Limitations on the effectiveness of emergency locator transmitters in aviation accidents were reviewed by the ATSB in research report AR-2012-128. The report identified several performance issues, which could affect their operational reliability, but still credited them for saving an average of four lives per year. While some of the reliability issues were considered beyond the control of the individual pilot, such as damage during impact, the report identified several measures within the control of the individual to improve their performance. In this accident, smoke emitted from the post-accident fire enabled the rescue helicopter to locate the accident site. However, according to the report (AR-2012-128), a global positioning system enabled transmitter can improve the accuracy of detection from about 5 km to 120 m.
From the evidence available, the following findings are made with respect to the in-flight break-up involving a Robinson R44, registered VH-ZNZ, 41 km north-west of Mossman, Queensland, on 18 November 2016. These findings should not be read as apportioning blame or liability to any particular organisation or individual.
- The helicopter main rotor diverged from the normal plane of rotation and struck the tailcone, which resulted in the in-flight break-up of the helicopter.
- The main rotor strike to the tailcone was likely the result of a low main rotor speed blade stall for reasons undetermined.
Other safety factors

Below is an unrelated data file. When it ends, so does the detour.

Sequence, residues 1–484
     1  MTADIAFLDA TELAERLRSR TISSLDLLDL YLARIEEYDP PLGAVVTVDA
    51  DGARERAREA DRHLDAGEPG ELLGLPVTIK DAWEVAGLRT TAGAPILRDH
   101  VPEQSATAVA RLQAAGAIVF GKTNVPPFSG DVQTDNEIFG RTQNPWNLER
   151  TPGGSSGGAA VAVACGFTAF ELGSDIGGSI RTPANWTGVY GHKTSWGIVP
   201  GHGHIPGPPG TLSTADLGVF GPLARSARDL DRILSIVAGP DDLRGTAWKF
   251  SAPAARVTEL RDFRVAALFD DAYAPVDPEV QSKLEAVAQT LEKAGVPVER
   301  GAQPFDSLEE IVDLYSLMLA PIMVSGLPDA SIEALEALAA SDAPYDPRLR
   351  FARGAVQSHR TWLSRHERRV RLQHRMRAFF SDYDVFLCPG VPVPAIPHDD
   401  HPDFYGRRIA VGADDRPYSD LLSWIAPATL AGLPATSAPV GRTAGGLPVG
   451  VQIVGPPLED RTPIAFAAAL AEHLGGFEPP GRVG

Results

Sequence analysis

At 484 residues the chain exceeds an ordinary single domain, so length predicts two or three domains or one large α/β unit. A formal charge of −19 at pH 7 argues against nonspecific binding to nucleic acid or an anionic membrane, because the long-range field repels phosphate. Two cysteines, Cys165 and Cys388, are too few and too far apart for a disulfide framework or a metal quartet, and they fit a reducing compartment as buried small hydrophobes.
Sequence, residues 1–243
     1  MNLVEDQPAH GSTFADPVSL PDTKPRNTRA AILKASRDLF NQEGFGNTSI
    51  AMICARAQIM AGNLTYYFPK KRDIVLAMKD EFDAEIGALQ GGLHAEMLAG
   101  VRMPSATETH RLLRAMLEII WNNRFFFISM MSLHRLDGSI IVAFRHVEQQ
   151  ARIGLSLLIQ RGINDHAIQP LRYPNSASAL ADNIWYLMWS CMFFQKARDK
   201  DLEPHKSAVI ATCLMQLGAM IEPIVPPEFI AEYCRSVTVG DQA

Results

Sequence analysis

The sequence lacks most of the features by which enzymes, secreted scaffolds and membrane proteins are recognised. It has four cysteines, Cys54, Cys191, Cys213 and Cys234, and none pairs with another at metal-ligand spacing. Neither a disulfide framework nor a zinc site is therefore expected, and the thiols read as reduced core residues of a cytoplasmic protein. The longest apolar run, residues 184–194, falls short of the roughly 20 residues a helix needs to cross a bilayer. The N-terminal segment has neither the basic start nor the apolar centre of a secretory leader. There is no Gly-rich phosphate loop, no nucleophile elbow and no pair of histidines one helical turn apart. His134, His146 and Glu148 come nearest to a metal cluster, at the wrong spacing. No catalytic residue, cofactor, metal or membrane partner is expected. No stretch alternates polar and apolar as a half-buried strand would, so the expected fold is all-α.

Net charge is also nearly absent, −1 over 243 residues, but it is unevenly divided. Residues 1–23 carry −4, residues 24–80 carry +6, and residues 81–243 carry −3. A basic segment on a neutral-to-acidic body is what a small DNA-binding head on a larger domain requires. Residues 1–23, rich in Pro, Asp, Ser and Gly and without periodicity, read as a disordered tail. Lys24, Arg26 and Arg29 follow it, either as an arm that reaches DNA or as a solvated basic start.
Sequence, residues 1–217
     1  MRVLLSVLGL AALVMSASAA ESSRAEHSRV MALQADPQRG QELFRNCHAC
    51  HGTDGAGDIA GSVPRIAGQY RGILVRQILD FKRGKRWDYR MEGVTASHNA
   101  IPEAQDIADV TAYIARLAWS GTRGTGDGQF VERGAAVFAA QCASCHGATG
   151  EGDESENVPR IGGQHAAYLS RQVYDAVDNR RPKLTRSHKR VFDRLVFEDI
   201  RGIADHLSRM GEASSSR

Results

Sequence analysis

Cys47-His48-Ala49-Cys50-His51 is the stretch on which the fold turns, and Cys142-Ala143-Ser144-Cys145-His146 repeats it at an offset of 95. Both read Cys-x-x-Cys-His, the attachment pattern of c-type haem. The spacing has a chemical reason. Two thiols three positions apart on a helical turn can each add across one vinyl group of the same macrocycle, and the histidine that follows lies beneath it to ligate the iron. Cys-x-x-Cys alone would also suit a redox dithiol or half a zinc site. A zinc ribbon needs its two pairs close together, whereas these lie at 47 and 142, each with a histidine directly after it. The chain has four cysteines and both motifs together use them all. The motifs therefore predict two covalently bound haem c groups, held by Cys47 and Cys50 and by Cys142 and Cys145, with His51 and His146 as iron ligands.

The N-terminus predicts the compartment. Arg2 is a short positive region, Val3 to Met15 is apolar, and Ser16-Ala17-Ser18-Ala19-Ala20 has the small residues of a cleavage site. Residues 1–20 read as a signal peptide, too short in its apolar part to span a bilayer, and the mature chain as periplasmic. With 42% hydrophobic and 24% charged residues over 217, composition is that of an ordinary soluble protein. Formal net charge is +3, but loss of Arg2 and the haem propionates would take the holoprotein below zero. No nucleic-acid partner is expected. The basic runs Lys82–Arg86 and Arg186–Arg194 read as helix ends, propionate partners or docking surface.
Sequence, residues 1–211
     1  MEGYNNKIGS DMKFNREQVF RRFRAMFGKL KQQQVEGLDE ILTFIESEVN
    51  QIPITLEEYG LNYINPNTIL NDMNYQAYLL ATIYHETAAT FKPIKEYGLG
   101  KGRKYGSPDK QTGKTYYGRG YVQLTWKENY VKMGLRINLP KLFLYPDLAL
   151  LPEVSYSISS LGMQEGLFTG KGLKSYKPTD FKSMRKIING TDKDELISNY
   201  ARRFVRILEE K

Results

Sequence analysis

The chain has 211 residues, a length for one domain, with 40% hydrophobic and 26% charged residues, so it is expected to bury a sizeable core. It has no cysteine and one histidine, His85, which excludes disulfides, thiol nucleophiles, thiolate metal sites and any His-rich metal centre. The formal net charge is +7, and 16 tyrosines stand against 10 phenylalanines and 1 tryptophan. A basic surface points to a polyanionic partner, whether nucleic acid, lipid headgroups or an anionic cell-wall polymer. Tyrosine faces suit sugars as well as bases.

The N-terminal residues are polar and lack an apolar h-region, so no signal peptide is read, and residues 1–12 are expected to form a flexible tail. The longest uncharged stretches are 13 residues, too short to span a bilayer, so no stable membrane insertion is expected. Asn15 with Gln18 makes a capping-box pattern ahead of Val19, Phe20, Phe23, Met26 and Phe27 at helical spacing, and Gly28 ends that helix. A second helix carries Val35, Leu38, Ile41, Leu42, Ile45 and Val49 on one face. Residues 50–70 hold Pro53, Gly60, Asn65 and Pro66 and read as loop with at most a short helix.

- The helicopter likely encountered at least moderate turbulence, which was not forecast. It was approved to operate in the prevailing weather, but was not flight tested for those conditions.
- The fitment and registration of the emergency locator transmitter to the helicopter assisted the search and rescue of the pilot.
- The helicopter was within the weight and balance, and performance limits for the planned flight.
- Although the post-impact fire precluded examination of the helicopter in its entirety, a detailed inspection did not identify any pre-existing defects that may have contributed to the accident.
Pilot and aircraft details
Commercial Pilot (Helicopter) Licence, issued December 2014
Gas turbine engine (GTE)
Single-engine helicopter (SEH), R44, R22; Low level – Aerial mustering helicopter, Sling operations
Class 1, valid to February 2017
Approximately 5,715 hours
Last flight review:
29 May 2016
Manufacturer and model:
Robinson Helicopter Company R44 II
Year of manufacture:
Total Time In Service
1,713.3 (as of last recorded maintenance on 15 Sept 2016)
Type of operation:
Charter - Passenger
Persons on board:
Crew – 1
Passengers – 1
Crew – 1 (serious)
Passengers – 1 (fatal)
Sources and submissions
Sources of information
The sources of information during the investigation included the:
- Australian Maritime Safety Authority (JRCC)
- Bureau of Meteorology